The pathophysiologic effects of anatoxin-a(s) from the cyanobacterium Anabaena flos-aquae NRC-525-17 were investigated in anaesthetized adult male Sprague Dawley rats given the toxin by continuous intravenous infusion until death. Rats (n=6) pretreated with atropine sulfate (50 mg/kg) intraperitoneally survived significantly longer (P<0.05) than non-atropinized rats (n=6), suggesting that the muscarinic effects of anatoxin-a(s) were important in the lethal syndrome. In contrast to rats only given toxin, rats that were pretreated with atropine had a decrease in heart rate and mean blood pressure that followed profound reductions in respiratory tidal and minute volume, suggesting that neuromuscular blockade of the muscles of respiration was the cause of death. Even when survival time of rats was increased by pretreatment with atropine, phrenic nerve amplitude increased, indicating a lack of a depressive effect of anatoxin-a(s) on central mediation of respiration. Rats (n=3) continuously ventilated during toxin infusion survived a dose more than 4 fold greater than a consistently lethal dose of the toxin. Thus, the cardiovascular effects of anatoxin-a(s) alone could not account for the death of rats. Electromyographic activity recorded from the diaphragms of rats (n=5) during continuous toxin administration revealed an increase in muscular electrical activity that became more random and finally decreased prior to death, suggesting a toxin-induced neuromuscular blockade in vivo which ultimately was the cause of death of the anatoxin-a(s) dosed rats.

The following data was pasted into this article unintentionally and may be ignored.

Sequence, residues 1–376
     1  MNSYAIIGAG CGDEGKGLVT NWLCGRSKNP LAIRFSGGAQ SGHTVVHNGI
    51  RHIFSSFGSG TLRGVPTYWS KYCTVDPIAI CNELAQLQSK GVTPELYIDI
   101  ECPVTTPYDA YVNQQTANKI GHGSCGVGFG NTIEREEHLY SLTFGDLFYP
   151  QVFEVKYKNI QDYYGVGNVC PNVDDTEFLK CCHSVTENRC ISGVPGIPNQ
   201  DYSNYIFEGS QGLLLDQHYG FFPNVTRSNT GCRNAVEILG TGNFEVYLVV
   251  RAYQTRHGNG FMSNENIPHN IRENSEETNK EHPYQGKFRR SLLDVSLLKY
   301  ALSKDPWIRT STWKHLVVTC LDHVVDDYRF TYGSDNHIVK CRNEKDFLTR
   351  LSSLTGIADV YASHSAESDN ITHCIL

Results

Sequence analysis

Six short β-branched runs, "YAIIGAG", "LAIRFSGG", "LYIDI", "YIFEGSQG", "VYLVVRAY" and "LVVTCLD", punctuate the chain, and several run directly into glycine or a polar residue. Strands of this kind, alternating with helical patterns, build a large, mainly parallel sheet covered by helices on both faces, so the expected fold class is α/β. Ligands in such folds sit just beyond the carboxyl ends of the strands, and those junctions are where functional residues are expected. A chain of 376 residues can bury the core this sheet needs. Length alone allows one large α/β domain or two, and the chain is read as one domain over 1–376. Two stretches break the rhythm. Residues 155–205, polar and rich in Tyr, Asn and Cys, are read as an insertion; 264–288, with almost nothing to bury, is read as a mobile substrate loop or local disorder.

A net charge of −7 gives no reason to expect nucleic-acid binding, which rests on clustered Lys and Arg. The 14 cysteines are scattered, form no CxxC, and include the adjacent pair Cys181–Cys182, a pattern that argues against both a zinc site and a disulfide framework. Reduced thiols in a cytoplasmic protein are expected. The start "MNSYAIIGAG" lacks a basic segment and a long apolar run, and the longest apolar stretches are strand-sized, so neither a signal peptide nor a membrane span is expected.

|Original language||English (US)|
|Number of pages||5|
|Journal||Pharmacology and Toxicology|
|Publication status||Published - 1990|
ASJC Scopus subject areas
- Health, Toxicology and Mutagenesis